Watch for Falling Rocks!
Watch for Falling Rocks!
ESP_031280_1705  Science Theme: Mass Wasting Processes
The original rationale behind this observation was to examine the slopes for changes since an earlier image in the same location. However, a feature that has NOT changed much since then still remains quite eye-catching. Multiple boulder tracks spill down the side of the crater.

When boulders roll down a dusty Martian slope, they can leave long, dotted tracks behind on the slope surface. Boulder tracks, like slope streaks, can be either brighter or darker than the surrounding terrain. The many boulder tracks in this image all seem to emanate from a small alcove near the rim of the crater. They spread out downslope and finally terminate near the crater floor. A high-contrast stretch of the area where the tracks stop shows lots of boulders, some still at the ends of the tracks.

HiRISE has seen boulder tracks fade over time in other locations. However, as compared to ESP_017975_1705 (taken in May 2010), the tracks in this image (taken in March 2013) don't seem to have faded as dramatically as that earlier example, despite a larger lapse in time between images. This might be because the crater in this image is in a less-dusty area of Mars.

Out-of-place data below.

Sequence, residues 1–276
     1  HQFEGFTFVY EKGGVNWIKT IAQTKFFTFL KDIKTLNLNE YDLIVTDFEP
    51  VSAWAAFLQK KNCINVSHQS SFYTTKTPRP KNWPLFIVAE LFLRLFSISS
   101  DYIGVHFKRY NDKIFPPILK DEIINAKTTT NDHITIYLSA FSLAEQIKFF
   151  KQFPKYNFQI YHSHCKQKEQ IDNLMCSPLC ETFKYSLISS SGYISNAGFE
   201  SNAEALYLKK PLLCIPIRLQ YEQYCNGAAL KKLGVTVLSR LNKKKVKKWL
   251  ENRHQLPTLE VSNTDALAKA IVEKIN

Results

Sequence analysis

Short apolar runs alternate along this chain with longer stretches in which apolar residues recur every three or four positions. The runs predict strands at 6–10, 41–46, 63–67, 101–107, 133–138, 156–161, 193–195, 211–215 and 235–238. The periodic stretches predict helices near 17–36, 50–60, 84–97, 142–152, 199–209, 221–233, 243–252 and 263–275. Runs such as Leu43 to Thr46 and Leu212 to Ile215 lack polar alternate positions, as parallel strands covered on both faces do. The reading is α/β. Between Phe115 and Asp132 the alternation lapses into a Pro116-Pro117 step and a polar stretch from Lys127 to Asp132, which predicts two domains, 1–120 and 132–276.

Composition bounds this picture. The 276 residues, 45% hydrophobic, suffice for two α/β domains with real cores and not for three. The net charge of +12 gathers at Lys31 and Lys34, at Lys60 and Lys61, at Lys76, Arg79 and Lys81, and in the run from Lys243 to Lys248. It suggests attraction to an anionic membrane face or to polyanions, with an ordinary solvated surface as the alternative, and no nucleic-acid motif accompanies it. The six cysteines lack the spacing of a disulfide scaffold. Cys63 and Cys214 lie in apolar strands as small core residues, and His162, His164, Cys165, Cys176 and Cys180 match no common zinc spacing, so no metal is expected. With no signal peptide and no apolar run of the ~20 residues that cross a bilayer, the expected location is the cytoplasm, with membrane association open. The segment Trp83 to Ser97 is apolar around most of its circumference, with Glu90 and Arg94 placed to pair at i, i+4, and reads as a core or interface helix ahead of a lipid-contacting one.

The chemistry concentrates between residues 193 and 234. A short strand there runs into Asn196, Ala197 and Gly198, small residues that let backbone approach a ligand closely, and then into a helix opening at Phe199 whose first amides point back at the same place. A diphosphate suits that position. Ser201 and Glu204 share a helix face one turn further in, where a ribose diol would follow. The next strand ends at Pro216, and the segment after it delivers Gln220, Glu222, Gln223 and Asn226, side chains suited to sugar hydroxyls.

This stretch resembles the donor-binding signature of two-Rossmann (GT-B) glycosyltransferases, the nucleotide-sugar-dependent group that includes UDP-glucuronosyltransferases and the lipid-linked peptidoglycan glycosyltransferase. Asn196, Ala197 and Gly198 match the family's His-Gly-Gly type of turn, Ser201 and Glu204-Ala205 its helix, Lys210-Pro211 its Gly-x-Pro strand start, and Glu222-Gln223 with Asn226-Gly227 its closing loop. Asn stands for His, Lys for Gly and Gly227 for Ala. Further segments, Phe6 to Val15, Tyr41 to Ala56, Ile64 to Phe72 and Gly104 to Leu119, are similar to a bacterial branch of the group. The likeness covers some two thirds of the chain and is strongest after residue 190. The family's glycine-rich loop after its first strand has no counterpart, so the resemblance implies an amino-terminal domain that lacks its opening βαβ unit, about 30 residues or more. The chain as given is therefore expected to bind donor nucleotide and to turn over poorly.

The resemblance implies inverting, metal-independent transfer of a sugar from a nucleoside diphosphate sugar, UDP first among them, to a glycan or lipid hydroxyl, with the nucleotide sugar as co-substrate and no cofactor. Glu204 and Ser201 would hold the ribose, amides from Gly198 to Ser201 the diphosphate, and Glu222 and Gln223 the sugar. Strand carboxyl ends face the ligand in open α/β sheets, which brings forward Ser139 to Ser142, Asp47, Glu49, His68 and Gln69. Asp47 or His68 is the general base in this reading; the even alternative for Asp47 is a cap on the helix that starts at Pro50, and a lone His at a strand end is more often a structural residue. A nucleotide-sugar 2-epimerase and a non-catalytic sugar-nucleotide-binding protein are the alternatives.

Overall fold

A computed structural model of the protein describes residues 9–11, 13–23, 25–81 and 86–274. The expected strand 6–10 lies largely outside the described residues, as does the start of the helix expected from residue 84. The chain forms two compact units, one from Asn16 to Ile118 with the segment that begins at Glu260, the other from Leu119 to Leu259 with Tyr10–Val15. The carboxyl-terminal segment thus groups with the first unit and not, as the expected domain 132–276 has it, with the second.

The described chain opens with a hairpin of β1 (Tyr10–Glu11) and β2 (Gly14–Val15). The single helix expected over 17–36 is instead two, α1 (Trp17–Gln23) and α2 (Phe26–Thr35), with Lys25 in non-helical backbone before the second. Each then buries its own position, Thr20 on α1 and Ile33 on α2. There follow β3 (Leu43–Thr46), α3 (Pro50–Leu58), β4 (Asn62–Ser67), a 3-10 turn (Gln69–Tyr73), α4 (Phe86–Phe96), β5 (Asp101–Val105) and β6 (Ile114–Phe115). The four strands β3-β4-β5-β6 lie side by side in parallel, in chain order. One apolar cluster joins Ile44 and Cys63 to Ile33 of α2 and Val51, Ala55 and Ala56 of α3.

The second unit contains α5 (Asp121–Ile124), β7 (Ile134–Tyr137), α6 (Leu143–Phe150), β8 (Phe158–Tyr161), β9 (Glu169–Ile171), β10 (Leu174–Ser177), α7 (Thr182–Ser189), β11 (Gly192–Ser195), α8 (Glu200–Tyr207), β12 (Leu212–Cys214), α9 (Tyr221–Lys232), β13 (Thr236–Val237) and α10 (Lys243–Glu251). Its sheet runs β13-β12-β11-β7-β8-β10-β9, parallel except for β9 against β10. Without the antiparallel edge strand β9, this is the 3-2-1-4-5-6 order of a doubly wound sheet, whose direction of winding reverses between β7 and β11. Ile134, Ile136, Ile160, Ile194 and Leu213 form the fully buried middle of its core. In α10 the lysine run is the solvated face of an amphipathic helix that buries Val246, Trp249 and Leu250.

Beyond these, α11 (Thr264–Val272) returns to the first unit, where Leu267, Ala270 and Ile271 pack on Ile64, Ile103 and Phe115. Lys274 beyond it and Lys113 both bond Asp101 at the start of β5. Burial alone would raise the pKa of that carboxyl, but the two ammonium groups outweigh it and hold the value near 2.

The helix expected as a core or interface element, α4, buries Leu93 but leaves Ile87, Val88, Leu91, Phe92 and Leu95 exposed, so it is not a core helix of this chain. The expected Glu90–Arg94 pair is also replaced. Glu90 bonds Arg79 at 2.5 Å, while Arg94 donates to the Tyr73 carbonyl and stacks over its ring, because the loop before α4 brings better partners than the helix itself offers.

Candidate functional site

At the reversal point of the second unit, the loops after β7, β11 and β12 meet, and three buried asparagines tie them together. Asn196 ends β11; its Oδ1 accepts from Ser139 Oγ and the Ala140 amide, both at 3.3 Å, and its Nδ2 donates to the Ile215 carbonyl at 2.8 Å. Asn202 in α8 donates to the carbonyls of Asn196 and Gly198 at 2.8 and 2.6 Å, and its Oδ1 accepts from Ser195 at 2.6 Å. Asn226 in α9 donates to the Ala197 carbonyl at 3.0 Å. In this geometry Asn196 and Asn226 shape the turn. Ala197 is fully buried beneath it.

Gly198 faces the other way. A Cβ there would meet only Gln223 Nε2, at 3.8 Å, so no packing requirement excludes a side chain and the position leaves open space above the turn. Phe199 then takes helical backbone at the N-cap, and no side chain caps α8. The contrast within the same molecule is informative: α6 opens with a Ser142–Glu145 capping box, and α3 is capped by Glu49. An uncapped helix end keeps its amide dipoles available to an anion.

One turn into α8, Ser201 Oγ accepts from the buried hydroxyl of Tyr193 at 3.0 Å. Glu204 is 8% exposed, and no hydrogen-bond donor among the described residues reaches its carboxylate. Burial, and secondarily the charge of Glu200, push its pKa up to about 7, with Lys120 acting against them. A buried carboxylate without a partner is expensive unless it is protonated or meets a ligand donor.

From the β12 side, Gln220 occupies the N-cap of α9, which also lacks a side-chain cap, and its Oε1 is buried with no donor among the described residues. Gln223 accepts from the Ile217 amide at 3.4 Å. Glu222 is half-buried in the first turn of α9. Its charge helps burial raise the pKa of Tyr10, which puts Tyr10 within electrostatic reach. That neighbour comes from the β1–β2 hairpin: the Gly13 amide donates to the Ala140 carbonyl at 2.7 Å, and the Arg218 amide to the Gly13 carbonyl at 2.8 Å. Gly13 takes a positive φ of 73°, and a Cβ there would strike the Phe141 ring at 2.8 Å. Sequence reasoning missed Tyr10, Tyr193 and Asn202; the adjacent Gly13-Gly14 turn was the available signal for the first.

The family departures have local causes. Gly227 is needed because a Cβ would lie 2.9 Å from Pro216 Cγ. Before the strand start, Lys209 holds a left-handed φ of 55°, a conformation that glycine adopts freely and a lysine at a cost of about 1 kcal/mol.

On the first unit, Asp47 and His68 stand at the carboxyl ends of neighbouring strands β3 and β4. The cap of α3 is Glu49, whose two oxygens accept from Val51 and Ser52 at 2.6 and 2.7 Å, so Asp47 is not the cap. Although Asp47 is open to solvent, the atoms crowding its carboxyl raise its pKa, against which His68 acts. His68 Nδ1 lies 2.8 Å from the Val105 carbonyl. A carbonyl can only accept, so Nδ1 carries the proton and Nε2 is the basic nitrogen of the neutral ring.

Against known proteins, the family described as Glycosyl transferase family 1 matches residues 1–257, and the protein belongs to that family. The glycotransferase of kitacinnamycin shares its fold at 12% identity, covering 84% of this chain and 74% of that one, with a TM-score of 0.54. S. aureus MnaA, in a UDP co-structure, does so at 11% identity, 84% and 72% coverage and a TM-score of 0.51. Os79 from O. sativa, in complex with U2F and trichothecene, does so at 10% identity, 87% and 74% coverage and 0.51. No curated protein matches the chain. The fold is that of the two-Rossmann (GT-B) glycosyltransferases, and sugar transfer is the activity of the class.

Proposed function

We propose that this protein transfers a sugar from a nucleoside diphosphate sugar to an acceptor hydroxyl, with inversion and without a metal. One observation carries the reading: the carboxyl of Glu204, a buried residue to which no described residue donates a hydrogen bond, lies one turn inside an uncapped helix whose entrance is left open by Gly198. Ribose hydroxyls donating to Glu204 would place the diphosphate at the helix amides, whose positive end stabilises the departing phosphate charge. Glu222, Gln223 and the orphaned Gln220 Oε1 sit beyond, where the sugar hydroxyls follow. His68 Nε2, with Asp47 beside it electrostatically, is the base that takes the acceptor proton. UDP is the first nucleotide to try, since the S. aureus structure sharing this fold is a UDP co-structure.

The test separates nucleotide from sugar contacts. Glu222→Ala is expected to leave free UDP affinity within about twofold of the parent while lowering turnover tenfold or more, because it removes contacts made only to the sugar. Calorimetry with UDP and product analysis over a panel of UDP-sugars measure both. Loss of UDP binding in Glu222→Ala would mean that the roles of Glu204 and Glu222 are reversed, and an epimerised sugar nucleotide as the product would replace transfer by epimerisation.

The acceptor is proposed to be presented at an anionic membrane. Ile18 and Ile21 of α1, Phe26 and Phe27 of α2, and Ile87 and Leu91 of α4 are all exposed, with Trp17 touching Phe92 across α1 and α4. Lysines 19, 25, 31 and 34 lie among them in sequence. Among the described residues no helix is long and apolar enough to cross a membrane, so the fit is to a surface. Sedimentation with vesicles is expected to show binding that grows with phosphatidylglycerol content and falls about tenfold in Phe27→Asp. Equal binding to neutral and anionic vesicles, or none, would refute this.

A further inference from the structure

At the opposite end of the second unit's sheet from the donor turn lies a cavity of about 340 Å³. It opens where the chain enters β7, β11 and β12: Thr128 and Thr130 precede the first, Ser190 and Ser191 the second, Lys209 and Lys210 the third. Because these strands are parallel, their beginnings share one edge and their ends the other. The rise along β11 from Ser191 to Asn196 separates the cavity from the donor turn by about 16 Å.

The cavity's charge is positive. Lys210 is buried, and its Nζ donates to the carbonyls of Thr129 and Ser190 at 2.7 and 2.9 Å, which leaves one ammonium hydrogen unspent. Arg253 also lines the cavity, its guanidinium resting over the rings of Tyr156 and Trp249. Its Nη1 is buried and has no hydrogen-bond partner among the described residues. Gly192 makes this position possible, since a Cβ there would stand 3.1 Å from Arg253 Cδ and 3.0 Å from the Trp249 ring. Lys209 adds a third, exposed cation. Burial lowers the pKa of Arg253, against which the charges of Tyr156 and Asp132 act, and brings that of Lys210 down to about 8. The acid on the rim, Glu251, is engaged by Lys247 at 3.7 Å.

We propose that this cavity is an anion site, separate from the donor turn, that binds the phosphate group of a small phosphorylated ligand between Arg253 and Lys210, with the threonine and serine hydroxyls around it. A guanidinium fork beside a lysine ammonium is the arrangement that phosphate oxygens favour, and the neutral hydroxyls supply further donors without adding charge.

Note: the above image has been rotated 90 degree counterclockwise for display purposes.

Written by: Nicole Baugh  (1 May 2013)
Acquisition date
29 March 2013

Local Mars time

Latitude (centered)

Longitude (East)

Spacecraft altitude
262.5 km (163.2 miles)

Original image scale range
26.3 cm/pixel (with 1 x 1 binning) so objects ~79 cm across are resolved

Map projected scale
25 cm/pixel and North is up

Map projection

Emission angle

Phase angle

Solar incidence angle
38°, with the Sun about 52° above the horizon

Solar longitude
291.4°, Northern Winter

For non-map projected images
North azimuth:  97°
Sub-solar azimuth:  339.2°
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Black & white is 5 km across; enhanced color about 1 km
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All of the images produced by HiRISE and accessible on this site are within the public domain: there are no restrictions on their usage by anyone in the public, including news or science organizations. We do ask for a credit line where possible:

NASA’s Jet Propulsion Laboratory, a division of the California Institute of Technology in Pasadena, Calif., manages the Mars Reconnaissance Orbiter for NASA’s Science Mission Directorate, Washington. The HiRISE camera was built by Ball Aerospace and Technology Corporation and is operated by the University of Arizona.